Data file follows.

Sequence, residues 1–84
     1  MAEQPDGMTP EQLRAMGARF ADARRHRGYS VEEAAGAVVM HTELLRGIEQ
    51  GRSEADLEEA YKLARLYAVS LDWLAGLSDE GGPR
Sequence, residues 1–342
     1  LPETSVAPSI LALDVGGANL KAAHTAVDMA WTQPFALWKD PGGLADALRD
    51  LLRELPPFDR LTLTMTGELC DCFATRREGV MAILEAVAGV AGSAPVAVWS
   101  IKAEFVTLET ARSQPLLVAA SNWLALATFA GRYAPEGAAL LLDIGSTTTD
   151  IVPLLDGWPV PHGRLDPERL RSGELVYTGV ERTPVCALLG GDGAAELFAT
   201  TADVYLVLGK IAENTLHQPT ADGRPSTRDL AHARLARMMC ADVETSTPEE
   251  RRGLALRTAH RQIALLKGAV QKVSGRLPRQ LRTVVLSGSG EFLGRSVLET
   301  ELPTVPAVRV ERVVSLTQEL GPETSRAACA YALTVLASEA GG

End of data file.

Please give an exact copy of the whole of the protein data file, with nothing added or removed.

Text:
Sequence, residues 1–84
     1  MAEQPDGMTP EQLRAMGARF ADARRHRGYS VEEAAGAVVM HTELLRGIEQ
    51  GRSEADLEEA YKLARLYAVS LDWLAGLSDE GGPR
Sequence, residues 1–342
     1  LPETSVAPSI LALDVGGANL KAAHTAVDMA WTQPFALWKD PGGLADALRD
    51  LLRELPPFDR LTLTMTGELC DCFATRREGV MAILEAVAGV AGSAPVAVWS
   101  IKAEFVTLET ARSQPLLVAA SNWLALATFA GRYAPEGAAL LLDIGSTTTD
   151  IVPLLDGWPV PHGRLDPERL RSGELVYTGV ERTPVCALLG GDGAAELFAT
   201  TADVYLVLGK IAENTLHQPT ADGRPSTRDL AHARLARMMC ADVETSTPEE
   251  RRGLALRTAH RQIALLKGAV QKVSGRLPRQ LRTVVLSGSG EFLGRSVLET
   301  ELPTVPAVRV ERVVSLTQEL GPETSRAACA YALTVLASEA GG